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Big Sand Lake supports community

I attended the Tuesday, Nov. 19 open house meeting at the Northwoods Bank regarding the DNR proposal for the Big Sand Lake Access. My letter to the editor references several of Ms. Smith’s reported comments in the Nov. 23 Enterprise.

Let’s talk about the elitists who live on Big Sand Lake. Residents of Big Sand Lake are current and past Park Rapid’s school employees, home builders, community professionals, restaurant and retail owners, and so on. The Park Rapids community benefits greatly from their daily contributions of work, economy and volunteer services.

Approximately 150 residents and lake friends belong to the Big Sand Lake Association. The Big Sand Lake Association Mission Statement reads “Committed to the Preservation of Big Sand Lake.” Protecting Big Sand’s natural Eco-system and habitat for all current and future users is paramount to the goals of the lake association.

Let’s look at what this group has accomplished in recent years.

BSLA supports a website largely open to the public. A web cam provides 24/7 access to the public for viewing the lake.

BSLA developed a comprehensive Lake Management Plan March of 2005. Focus Area 8 addresses public water access. Focus Area 2 addresses Fisheries. Please view the complete plan on the Big Sand website

BSLA supported with financial and volunteer assistance the DNR Fisheries program for monitoring dissolved oxygen levels and cisco count. This monitoring continues yearly.

BSLA supported with financial and volunteer assistance DNR mapping of submergent and emergent vegetation. Big Sand volunteers spent many hours collecting data and working with DNR personnel in the local Fisheries Department.

BSLA supported with financial and volunteer assistance U of M Extension classes to all area residents identifying shoreline management best practices. Subjects of erosion, buffer zones, rain gardens, and plant identification were studied.

BSLA supported with financial and volunteer assistance education related to native and invasive plants and native and invasive species and then, instituted a citizen task force to monitor for the above. Non-association members were invited to attend and participate.

Monitoring of water quality, dissolved oxygen levels, and cisco count is part of a set of data used to determine the health of the fishing habitat. Vegetative mapping of the lake provides data for the fisheries habitat. Educating users regarding native and invasive species, buffer zones, and shoreline management all contribute to enhancing the fishing habitat of the lake.

So, anglers, let’s give credit for what is being done through significant financial and volunteer support to enhance your fishing environment. The association also cares about the fish. We’ve provided education on lead free and barbless hooks.

Anglers are only one group of users who enjoy the public waterways. They are a strong group and well organized with lobby efforts at the state level. To date they have failed to offer support to any recent AIS funding bills, bills that would provide much needed money to our local governments for natural resource protection vital to the area economy and way of life. Let’s challenge the group to come forth with proactive AIS solution.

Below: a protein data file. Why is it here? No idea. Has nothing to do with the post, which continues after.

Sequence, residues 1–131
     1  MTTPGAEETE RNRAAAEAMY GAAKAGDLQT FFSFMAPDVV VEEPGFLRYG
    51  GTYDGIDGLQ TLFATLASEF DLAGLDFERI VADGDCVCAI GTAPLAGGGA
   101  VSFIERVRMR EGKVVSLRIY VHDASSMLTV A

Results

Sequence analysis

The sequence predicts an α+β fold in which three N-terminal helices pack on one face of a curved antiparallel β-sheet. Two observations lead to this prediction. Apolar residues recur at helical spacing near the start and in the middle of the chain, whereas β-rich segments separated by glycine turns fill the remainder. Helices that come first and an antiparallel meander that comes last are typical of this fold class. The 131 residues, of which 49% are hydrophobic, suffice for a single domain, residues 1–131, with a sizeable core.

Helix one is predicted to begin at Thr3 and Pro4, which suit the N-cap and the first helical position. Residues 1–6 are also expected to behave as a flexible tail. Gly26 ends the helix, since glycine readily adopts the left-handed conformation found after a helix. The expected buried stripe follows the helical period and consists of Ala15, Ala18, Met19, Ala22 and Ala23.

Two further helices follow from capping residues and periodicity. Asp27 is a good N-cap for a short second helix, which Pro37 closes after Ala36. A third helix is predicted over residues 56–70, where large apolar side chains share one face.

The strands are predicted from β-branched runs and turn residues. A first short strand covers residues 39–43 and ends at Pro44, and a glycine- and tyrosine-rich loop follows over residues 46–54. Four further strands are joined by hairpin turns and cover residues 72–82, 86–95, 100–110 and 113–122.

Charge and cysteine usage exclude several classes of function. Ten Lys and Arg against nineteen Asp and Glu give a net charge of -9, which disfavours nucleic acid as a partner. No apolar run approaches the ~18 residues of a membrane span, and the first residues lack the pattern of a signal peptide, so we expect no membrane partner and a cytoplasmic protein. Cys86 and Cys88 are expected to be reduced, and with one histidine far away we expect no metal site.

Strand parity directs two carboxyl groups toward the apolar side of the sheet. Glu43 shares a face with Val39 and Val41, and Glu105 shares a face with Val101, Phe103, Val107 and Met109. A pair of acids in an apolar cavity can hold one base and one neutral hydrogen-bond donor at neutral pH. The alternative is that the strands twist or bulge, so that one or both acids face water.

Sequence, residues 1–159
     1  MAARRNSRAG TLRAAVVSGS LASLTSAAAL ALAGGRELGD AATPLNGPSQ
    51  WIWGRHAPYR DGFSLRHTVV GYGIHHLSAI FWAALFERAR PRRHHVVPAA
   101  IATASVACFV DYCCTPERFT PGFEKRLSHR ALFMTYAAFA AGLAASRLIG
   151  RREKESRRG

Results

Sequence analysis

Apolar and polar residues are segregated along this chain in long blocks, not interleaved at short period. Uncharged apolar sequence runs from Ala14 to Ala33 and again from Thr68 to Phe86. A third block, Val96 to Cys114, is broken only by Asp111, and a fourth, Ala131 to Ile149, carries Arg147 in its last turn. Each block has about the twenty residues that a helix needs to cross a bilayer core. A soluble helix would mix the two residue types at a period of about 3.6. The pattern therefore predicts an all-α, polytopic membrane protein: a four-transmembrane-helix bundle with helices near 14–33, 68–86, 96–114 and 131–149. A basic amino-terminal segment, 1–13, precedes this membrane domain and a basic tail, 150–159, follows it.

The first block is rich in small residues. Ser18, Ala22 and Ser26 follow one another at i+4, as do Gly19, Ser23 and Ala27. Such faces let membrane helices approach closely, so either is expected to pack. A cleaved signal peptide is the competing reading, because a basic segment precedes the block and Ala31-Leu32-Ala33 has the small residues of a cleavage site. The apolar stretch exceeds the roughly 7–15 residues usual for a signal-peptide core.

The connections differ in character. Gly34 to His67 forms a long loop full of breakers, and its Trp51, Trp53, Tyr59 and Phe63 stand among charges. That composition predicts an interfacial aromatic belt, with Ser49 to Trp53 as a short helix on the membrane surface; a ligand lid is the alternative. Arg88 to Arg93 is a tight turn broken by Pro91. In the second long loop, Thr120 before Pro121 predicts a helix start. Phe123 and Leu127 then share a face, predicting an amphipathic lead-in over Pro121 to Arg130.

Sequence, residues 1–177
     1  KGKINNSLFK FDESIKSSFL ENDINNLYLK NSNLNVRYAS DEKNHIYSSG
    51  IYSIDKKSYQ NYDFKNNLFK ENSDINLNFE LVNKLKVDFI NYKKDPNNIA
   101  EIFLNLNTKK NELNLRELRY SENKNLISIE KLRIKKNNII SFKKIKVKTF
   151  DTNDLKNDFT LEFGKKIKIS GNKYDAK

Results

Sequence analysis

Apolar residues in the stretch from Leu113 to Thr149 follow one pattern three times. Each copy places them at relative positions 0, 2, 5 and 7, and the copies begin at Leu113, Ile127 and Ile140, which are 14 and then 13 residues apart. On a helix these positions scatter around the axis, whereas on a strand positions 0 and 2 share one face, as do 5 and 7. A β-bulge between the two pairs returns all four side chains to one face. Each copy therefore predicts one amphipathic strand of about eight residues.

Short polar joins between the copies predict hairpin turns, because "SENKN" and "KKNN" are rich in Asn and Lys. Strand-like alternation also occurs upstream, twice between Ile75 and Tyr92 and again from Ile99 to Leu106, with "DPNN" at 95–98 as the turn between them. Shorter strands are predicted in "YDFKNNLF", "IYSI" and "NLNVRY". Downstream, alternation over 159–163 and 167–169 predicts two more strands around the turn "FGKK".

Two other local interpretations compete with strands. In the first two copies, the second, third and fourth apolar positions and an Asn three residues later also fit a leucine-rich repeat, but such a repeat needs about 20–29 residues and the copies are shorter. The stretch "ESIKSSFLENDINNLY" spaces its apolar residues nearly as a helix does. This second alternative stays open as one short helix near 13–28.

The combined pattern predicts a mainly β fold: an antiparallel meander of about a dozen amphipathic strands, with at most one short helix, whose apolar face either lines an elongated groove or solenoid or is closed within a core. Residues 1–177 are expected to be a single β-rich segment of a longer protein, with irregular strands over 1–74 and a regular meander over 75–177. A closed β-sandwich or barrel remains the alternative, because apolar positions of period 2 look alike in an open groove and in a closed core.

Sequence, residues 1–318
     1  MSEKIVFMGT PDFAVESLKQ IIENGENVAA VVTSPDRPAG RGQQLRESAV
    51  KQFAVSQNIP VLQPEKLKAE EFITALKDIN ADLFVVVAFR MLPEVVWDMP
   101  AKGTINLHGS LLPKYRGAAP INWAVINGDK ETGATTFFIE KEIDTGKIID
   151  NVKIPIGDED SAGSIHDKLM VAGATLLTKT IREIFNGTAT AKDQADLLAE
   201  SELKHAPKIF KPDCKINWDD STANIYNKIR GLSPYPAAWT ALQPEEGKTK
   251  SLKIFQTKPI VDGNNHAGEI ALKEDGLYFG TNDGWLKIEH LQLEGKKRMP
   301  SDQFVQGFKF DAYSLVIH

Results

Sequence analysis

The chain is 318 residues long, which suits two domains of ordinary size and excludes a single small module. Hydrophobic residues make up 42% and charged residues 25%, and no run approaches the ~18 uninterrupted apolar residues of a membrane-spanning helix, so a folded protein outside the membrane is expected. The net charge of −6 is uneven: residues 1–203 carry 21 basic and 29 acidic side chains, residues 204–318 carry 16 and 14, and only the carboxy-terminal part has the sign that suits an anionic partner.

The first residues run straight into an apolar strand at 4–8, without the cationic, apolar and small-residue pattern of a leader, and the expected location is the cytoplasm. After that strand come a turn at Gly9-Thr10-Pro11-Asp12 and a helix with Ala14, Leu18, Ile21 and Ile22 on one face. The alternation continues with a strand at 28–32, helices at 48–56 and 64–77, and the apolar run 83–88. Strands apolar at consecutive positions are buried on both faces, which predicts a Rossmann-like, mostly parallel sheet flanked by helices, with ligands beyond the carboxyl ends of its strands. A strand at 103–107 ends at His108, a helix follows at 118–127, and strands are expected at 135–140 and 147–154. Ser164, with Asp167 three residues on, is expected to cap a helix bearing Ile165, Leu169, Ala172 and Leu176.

Mr. Dan Kittilson, COLA President, expressed compelling concerns (June 7, 2011 during the Hubbard County planning commission meeting) regarding the possible AIS consequences of increased boat traffic on his own lake, Little Sand. And, Mr. Kittilson, could you please provide reasons why Hubbard County COLA made the decision to withdraw from MN COLA?

Much thought and focus should be directed to the DNR and MN State Legislature regarding current AIS policies. How do we protect our clean lakes? Should we require boats coming from infested waters to have decontamination proof prior to being able to enter a clean lake? Why do we burden clean lakes with detailed inspection of entering boats?

A concept drawing utilizing the current public access land and parking lot was presented to the DNR. The illustration addressed all improvement needs expressed by the DNR. Construction costs were estimated between $125,000 to $200,000. Purchasing the Boggs property and developing a new access could run anywhere from $500,000 to $1 million dollars. $125,000 to $200,000 vs $500,000 to $1 million.

March of 2010, the MN Office of the Legislative Auditor ( expressed concerns whether the DNR will have adequate future funding resources to manage and maintain current land holdings. Minnesota is the third largest land holder behind the U.S. government and Alaska.

A vital component of protecting our lakes is “working together as a team.” Comments such as “Big Sand residents ... were being elitist” “Tuesday evening, rumblings of a class war began at Northwoods Bank, where the open house was held” create conflict amongst people who desire the same preservation outcome.

A strong disagreement should not be confused with disrespect. Both sides responded with assertive and boisterous comments at the Nov. 19 meeting. Care should be taken to avoid competition and ego impeding our best decision making. The only way for all of us to preserve the beautiful resources the State of Minnesota offers is to work together toward the greater good of preservation for now and the future!